[ExI] Mental Phenomena
brent.allsop at gmail.com
Mon Feb 3 21:08:22 UTC 2020
“Now why on earth would the experience of redness suddenly become the
experience of greenness? *How* could it?”
By simply inverting the red green signal anywhere in the causal chain of
events that is perception as proven can be done here
<https://canonizer.com/videos/consciousness/> (skip to the “Inverted
It remains a fact that you could engineer (using just such inversions both
upstream and downstream from physical knowledge) one robot to represent red
knowledge with your redness, and another robot to represent red with your
greenness. See “Inverted Qualia
<https://en.wikipedia.org/wiki/Inverted_spectrum>”) They could both pick
strawberries equally well.
You seem to be admitting that you only use one word for all things “red”.
That is the definition of “Qualia Blindness”. In that world there is
gap <https://en.wikipedia.org/wiki/Explanatory_gap>” because you need at
least two words (red and redness) to model simple effing of the ineffable
ideas like: “My redness is like your greenness, both of which we call
red.” As long as we remain qualia blind, nobody can know the true physical
color of anything.
It's not a "hard mind body problem" it's just a color problem.
On Mon, Feb 3, 2020 at 9:50 AM Ben Zaiboc via extropy-chat <
extropy-chat at lists.extropy.org> wrote:
> On 03/02/2020 14:28, Brent Allsop wrote:
> Hi Ben,
> “I expect it will be a description that isn't all that easy to decipher,
> as well. It will necessarily relate to a large number of processes, and
> will be different (possibly wildly different) in different brains, and
> likely restricted to a single point in time.”
> We are talking about completely different things.
> No, we're not.
> You are talking about information abstracted away from different qualities
> as they change over time and between people. I’m talking about the
> quality (process) that is changing.
> Although you are muddying things terribly, by using the word 'qualities'.
> I'm talking about the patterns of information in the brain that arise when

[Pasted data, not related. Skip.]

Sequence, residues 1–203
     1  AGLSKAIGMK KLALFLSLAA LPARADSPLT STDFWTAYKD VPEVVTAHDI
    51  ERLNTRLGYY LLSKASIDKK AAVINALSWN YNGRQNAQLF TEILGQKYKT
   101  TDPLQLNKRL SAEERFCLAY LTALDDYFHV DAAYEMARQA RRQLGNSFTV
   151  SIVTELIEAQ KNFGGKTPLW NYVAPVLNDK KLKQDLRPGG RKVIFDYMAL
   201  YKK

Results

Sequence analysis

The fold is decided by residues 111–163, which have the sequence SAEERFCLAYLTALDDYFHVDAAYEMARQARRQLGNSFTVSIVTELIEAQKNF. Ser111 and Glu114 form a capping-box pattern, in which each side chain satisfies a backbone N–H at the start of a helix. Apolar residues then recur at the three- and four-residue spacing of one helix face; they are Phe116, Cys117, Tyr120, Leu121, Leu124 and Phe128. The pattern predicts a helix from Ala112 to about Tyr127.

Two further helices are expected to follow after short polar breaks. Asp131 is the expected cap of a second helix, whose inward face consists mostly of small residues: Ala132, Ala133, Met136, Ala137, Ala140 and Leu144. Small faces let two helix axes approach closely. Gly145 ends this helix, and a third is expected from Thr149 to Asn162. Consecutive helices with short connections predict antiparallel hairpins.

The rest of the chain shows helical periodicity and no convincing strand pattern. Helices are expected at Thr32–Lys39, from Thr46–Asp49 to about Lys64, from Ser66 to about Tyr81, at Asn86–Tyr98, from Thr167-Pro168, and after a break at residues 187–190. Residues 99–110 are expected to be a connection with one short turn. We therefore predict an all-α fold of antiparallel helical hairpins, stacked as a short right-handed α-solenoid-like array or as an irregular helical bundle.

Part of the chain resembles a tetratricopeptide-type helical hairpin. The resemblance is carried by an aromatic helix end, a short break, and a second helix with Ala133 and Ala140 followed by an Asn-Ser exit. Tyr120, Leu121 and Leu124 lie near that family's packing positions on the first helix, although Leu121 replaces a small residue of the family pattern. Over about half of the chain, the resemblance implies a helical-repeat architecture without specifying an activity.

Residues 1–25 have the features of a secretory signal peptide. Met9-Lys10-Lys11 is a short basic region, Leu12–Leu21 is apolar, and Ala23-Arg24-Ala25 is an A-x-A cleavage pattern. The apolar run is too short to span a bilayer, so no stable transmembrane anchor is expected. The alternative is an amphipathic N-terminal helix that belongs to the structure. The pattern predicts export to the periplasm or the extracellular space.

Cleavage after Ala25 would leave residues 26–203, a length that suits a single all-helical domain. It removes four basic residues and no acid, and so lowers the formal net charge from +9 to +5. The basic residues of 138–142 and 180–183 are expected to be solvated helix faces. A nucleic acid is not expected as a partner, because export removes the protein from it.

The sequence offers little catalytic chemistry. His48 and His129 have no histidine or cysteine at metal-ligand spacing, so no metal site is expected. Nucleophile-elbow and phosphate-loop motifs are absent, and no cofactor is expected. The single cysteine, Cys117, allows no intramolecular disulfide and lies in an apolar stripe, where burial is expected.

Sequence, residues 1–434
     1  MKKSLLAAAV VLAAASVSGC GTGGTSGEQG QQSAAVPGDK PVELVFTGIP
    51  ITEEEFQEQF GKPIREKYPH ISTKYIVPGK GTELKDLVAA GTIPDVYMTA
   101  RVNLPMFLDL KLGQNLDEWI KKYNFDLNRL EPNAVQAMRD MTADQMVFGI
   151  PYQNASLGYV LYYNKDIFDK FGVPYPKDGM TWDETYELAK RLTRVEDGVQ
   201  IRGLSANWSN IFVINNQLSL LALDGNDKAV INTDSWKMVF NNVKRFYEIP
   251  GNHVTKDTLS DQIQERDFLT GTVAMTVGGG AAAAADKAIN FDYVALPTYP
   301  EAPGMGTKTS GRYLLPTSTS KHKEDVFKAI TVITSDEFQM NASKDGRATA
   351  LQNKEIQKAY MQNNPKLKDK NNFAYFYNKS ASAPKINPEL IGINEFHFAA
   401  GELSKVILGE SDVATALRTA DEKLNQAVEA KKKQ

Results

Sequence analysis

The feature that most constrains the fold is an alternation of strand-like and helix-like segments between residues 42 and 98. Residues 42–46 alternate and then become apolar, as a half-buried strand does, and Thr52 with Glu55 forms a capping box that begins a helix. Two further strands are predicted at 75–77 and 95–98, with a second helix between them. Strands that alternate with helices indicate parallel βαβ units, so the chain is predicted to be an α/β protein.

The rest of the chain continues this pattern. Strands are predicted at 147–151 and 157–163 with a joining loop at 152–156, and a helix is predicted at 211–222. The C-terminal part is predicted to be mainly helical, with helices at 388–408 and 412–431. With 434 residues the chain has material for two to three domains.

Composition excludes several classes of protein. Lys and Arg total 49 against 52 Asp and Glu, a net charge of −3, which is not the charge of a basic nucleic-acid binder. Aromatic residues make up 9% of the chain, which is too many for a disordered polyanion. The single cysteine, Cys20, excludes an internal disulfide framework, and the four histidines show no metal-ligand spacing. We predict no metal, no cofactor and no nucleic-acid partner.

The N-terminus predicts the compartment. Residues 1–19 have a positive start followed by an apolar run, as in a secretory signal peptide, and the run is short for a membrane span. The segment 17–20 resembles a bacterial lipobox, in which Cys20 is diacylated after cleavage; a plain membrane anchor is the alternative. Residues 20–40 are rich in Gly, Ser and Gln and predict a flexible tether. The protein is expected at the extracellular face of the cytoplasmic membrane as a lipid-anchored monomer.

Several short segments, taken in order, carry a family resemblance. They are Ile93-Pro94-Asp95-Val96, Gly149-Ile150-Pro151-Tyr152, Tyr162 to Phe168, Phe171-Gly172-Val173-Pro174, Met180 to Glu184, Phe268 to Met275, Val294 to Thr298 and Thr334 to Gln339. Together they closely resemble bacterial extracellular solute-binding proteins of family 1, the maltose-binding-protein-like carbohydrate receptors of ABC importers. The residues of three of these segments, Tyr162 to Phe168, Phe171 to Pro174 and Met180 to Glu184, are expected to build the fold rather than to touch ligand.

> our senses send information into the brain. You just said you're talking
> about the same thing, except you use the word 'quality' instead of
> I’m asking, what is the color of this process, before it changed, and how
> did this process change?
> What does that even mean?? A process doesn't have a colour! No more than
> knowledge does.
> I don't know how to say it any more simply: The sensation of experiencing
> a colour is a pattern of information-processing in the brain. That's it.
> It's not 'about' something else, it doesn't have a 'quality', it's not
> 'abstracted away' from anything, it just is.
> There is a necessary functional cost to achieve this substrate
> independence. If P1 is the process before the change, and P2 is the
> objectively observable different process after the change,
> What change are you talking about here?
> you need two different dictionaries to get the same abstract information
> from the different processes before and after the change.
> There is no need to get any abstract information. The processes *are* the
> experiences of colour.
> Colors are just colors. Sure, a redness processes can change from
> redness to greenness,
> Colours are indeed just colours. Now why on earth would the experience of
> redness suddenly become the experience of greenness? *How* could it? The
> only reason the experience is an experience of redness is because of the
> similarity it has to prior red things experienced. A redness experience
> could be succeeded by a greenness one, though, and this happens all the
> time. Look from the strawberry to a leaf. But no-one is going to look at a
> strawberry and suddenly see a green thing (unless they have brain damage,
> or are colour-blind, in which case the leaves and the fruit are all the
> same colour).
> and we can have different dictionaries to get the same 'red' information.
> No, there are no dictionaries. There is no 'red information'. There are
> patterns of information, and associations with very many other patterns,
> shifting all the time. The pattern that today in Bob means 'I see a red
> strawberry', could well be different tomorrow, and is likely to be very
> different in Bill, but they all mean the same thing. The closest thing to a
> dictionary that could be said to exist is the memories of similar things
> seen in the past, in a particular individual (IOW, examples). Memories
> that, even if very similar in content, are probably encoded in different
> patterns in different people, and changed in the same person when they
> access them (I assume you're familiar with the idea that we change our
> memories every time we remember them. Or at least we re-write them, and
> they can easily change during this process).
> The dictionary before the change defines the redness process to be red,
> and after the change, the dictionary defines greenness to be red. A
> redness quality just is, if it changes, it is an objectively observable and
> subjectively experienceable different process, there are no dictionaries
> The only thing that defines redness is the prior examples we have
> And there's that word again. There is no such thing as a 'redness
> quality'. There are information processes that cause people to say "That
> thing there is red". We can't say much more than that. One day we may be
> able to, but not today.
> Ben Zaiboc
> extropy-chat mailing list
> extropy-chat at lists.extropy.org
-------------- next part --------------
An HTML attachment was scrubbed...
More information about the extropy-chat